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Friday, March 29, 2013

Why Traditional Themes Work

There's a lot to be said for tradition. If something is a tradition, it means it has been around for a long time, and if it has been around for a long time, there is probably a good reason. In literature, the Great Books are (simply put) books that deal with Great Themes - themes such as good vs. evil, power, sacrifice, redemption, life and death, love, and many others. Themes such as these speak to the human condition, and authors ought to seek to imitate the Great Books if they want their work to speak across the ages. I frown on authors who tailor their books to the ever-changing tide of cultural opinion. You might find success for a moment, but when that tide changes, your books will be washed away with it, as irrelevant in the next moment as they were relevant in the moment before. If you write to please pop culture, or with only your immediate generation in mind, you will never find lasting success. And I'm not talking about Kleos, that greatest of ancient Greek virtues that makes the hero (or the writer, in this case) "immortal." I'm not talking about your reputation at all, I'm talking about themes and messages that transcend you, as the author, and speak directly to the heart of mankind. Ask yourself this - if someone were to pick up my books in 100 years, would they read something that still speaks to them? If the answer is no, then you have not written something worth reading.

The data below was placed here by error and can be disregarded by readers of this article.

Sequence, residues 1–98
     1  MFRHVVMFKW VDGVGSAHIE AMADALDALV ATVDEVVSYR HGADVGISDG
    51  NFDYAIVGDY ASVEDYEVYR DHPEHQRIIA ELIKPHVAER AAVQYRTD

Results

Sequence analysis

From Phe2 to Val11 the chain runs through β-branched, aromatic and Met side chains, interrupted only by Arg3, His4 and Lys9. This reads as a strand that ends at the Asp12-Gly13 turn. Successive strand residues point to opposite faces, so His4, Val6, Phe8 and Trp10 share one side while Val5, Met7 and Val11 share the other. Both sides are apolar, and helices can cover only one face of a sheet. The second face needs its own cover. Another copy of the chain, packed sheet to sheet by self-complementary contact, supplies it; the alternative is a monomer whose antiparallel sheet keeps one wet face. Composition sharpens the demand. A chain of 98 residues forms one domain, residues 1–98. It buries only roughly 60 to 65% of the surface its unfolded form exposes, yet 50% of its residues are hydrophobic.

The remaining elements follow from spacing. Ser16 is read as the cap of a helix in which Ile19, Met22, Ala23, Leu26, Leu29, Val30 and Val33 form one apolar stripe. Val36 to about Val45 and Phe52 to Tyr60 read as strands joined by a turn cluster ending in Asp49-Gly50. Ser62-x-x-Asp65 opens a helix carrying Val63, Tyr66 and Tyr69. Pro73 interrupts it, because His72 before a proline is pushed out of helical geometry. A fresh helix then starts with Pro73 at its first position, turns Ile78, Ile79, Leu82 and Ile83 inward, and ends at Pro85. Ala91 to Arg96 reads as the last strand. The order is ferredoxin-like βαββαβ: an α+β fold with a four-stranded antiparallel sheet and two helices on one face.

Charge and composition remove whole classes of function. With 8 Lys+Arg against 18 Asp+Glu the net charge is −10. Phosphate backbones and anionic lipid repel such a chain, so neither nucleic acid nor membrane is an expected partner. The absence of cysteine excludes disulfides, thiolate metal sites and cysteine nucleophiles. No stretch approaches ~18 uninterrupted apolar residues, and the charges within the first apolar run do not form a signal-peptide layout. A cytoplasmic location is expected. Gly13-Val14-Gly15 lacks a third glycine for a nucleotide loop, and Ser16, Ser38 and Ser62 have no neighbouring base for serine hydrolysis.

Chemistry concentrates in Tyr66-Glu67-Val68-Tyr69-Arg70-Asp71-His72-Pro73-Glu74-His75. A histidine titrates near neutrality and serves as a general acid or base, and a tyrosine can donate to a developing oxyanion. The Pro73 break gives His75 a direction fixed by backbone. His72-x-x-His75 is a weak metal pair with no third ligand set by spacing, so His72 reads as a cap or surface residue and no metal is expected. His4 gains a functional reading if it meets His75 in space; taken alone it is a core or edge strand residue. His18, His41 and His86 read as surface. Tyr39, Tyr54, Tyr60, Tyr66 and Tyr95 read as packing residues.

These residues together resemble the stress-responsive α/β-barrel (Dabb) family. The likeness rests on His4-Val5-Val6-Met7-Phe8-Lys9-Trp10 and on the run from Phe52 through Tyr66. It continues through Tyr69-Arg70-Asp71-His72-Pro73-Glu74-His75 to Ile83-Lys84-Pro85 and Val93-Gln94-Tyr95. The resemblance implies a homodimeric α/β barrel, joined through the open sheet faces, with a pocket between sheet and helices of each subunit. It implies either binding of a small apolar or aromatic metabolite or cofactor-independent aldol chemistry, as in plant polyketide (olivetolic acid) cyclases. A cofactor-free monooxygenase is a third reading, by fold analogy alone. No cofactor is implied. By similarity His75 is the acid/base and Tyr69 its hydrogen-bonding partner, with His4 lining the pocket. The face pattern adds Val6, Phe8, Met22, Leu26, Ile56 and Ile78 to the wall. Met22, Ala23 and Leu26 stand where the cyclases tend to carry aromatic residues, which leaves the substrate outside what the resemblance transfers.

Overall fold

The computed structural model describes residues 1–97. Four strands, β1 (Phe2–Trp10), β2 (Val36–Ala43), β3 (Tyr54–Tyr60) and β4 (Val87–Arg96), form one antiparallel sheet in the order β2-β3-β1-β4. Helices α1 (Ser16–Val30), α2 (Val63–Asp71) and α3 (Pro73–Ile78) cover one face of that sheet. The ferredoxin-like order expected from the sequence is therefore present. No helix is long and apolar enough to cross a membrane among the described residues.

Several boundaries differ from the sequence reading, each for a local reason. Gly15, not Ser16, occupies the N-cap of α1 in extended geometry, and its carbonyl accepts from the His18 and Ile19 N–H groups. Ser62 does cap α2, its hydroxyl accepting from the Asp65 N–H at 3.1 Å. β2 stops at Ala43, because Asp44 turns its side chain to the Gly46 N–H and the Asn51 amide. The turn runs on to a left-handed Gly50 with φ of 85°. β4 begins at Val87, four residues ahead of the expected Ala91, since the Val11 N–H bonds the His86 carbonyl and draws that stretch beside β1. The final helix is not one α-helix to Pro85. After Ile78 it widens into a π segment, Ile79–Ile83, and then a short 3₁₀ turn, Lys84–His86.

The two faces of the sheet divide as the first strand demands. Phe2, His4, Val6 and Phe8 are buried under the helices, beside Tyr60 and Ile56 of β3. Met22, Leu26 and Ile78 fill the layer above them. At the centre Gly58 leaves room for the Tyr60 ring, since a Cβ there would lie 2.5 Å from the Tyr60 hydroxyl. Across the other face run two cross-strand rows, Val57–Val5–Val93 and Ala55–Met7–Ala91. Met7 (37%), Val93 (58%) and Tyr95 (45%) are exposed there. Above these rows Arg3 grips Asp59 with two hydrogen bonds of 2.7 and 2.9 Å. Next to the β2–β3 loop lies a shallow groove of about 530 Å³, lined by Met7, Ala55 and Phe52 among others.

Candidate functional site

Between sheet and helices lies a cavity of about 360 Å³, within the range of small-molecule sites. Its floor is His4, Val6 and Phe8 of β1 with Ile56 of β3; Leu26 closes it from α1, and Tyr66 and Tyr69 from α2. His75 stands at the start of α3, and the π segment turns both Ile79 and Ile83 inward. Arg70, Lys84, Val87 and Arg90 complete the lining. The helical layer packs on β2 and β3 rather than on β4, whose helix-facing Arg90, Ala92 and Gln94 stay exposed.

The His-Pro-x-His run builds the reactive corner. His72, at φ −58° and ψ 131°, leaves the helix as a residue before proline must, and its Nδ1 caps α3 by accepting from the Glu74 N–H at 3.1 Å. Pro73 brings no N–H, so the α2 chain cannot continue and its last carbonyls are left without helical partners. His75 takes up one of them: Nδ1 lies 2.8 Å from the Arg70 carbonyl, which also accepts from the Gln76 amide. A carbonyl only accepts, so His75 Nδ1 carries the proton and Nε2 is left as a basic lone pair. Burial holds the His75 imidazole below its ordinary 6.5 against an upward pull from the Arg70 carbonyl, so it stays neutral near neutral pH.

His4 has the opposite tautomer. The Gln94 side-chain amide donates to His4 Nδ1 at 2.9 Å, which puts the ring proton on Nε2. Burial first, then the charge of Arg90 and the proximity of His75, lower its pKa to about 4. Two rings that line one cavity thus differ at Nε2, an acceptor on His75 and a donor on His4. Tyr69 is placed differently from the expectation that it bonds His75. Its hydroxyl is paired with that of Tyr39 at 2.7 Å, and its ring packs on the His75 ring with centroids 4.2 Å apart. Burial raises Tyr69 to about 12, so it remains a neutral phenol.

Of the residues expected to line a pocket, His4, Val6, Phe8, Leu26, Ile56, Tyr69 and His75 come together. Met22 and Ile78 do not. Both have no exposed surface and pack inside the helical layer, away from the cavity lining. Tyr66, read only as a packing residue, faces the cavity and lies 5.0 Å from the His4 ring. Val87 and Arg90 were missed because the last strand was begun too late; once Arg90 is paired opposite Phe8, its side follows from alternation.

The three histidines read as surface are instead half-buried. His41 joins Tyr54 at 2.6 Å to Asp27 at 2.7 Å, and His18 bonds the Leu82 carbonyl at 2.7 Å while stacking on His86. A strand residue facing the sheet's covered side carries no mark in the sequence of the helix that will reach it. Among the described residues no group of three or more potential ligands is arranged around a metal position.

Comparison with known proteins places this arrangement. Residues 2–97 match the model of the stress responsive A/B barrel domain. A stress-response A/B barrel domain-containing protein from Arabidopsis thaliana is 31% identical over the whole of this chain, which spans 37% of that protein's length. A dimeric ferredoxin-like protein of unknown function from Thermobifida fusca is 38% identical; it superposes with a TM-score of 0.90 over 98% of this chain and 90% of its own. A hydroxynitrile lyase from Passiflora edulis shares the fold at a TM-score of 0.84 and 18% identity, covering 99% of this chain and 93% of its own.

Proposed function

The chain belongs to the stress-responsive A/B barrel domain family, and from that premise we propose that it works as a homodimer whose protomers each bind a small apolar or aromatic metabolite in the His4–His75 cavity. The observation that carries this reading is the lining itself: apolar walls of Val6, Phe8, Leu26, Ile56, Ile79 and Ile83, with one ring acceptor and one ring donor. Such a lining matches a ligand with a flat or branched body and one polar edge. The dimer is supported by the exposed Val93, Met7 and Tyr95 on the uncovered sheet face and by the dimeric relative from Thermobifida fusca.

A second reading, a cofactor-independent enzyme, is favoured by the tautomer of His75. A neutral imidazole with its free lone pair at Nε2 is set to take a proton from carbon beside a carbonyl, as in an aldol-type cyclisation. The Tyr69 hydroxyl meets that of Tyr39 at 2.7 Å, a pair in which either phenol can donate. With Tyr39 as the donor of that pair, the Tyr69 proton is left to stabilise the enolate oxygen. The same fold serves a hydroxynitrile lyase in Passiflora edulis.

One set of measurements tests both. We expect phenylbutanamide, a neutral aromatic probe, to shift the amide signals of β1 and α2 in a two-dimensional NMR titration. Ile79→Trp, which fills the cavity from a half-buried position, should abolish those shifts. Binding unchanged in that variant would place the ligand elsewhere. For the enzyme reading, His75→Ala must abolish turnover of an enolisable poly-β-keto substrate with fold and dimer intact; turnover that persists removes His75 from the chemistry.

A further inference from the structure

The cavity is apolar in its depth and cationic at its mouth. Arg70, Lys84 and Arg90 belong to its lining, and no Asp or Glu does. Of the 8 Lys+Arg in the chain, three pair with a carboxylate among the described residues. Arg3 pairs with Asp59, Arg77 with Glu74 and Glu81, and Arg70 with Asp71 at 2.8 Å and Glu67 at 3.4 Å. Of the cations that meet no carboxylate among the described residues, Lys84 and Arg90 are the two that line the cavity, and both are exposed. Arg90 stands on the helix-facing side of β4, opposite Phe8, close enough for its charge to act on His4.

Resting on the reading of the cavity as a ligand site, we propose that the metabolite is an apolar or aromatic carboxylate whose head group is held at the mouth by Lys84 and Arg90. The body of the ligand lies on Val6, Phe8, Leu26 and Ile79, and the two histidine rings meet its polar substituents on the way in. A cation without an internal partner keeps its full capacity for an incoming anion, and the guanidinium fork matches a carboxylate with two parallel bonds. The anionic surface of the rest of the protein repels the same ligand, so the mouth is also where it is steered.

But let's face it, books have to sell, right? Publishing is a business, and you must write books that appeal to your generation. Absolutely! Of course you do! But that is what is on the surface. It's the candy-coating, if you will. But what should be at the heart of your books, beneath the surface, are stories filled with traditional themes that grab the hearts of the readers and make them come back over and over again. In this scenario, you cannot lose.

Avoid, avoid, avoid the pop culture trap. Avoid promoting the current fad, the current political agenda, the current soapbox topic... anything that will be here today and gone tomorrow. Avoid it! There are Greater things to be said. If I am granted the ability to look back on my body of work at the end of my life to evaluate what I am leaving behind me, I want to see that I have written stories that are true, that are beautiful, that are good - stories that are lasting.

And NOW for a little teaser! Speaking of authors who have written lasting works, if you're familiar with my books, you know that I pair each one with a C. S. Lewis quotation, and that quotation so far has always been about Darcy. In book 5, The Scroll, I've chosen one that speaks to Darcy, but is about another character, and I bet my biggest fans will be able to guess who! Here it is:

"What can you ever really know of other people's souls—of their temptations, their opportunities, their struggles? One soul in the whole creation you do know: and it is the only one whose fate is placed in your hands." C. S. Lewis

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